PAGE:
God help us to lead and follow as we follow The Great Shepherd.

At 4/16/2007 7:50 PM, Blogger John Frye said...

preacher's household,
you have asked some volatile questions. I think that some Christian husbands and church leaders have absorbed the "authority of the Gentiles" who lord it over those "under" them. The issue is not only authoritarianism; it is thinking that Christian men are in charge of other people's lives in any way.

At 4/17/2007 10:38 AM, Blogger The Preacher's Household: said...


Do you mind sharing more of your thoughts about the last paragraph? Is there a diffeerence between "in charge" and overseeing, shepherding... Is there a call to men today to be pastors? and what are they to do if those are excluded?

I understand the maturation process. When I was a child I was to "obey my parents". When I grew to be a man I still needed to respect them but the dynamic changed. We can be 'friends' now. But too many parents want to be 'friends' with thier children when God has given them the responsibility to parent. Do you have any thoughts on the parent issue?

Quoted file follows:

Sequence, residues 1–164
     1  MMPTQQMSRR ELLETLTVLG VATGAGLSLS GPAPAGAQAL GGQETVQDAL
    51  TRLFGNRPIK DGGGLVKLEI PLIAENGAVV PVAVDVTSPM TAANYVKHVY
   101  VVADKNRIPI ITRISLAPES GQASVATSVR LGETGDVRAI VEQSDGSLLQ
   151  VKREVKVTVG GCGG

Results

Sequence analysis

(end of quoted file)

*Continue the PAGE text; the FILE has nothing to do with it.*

At 4/17/2007 11:03 AM, Blogger ProperVillain said...

well said! I hope there is much needed change coming in how we all percieve "church". I think the church in america, as a rule, is more of a corporation than a community. And, sometimes unbeknowst to most senior pastors, becomes more about the charismatic leadership than it does about the journey towards Christ that we all must make.
Thank you for sharing.


At 4/17/2007 4:18 PM, Blogger John Frye said...

preacher's household,
I having a hard time following you---is your question about the husband/wife relationship, the pastor/people relationship, or now it seems about parent/child relationship?

There are pastors who want to be seen as fathers and who view their people as children---to be told what to do. That's sick. The only authority a pastor has is the authority to serve; and I would say that is the authority of the husband/father. When Jesus came, he turned the world's view of leadership authority on its head (like he did in redefining many other realities--the family, the Sabbath, the Temple, etc.). He also redefined authority and lived out that definition to his last breath.

I don't think Christian authority has anything to do with "being in charge." That's the authority of the Gentiles.

At 4/17/2007 4:20 PM, Anonymous Anonymous said...

u r cute

At 4/17/2007 4:20 PM, Blogger John Frye said...

I am with you on this---the focus in the journey we all are on; and we all need one another. Good comment. Thanks.

At 4/17/2007 4:22 PM, Blogger John Frye said...

i r?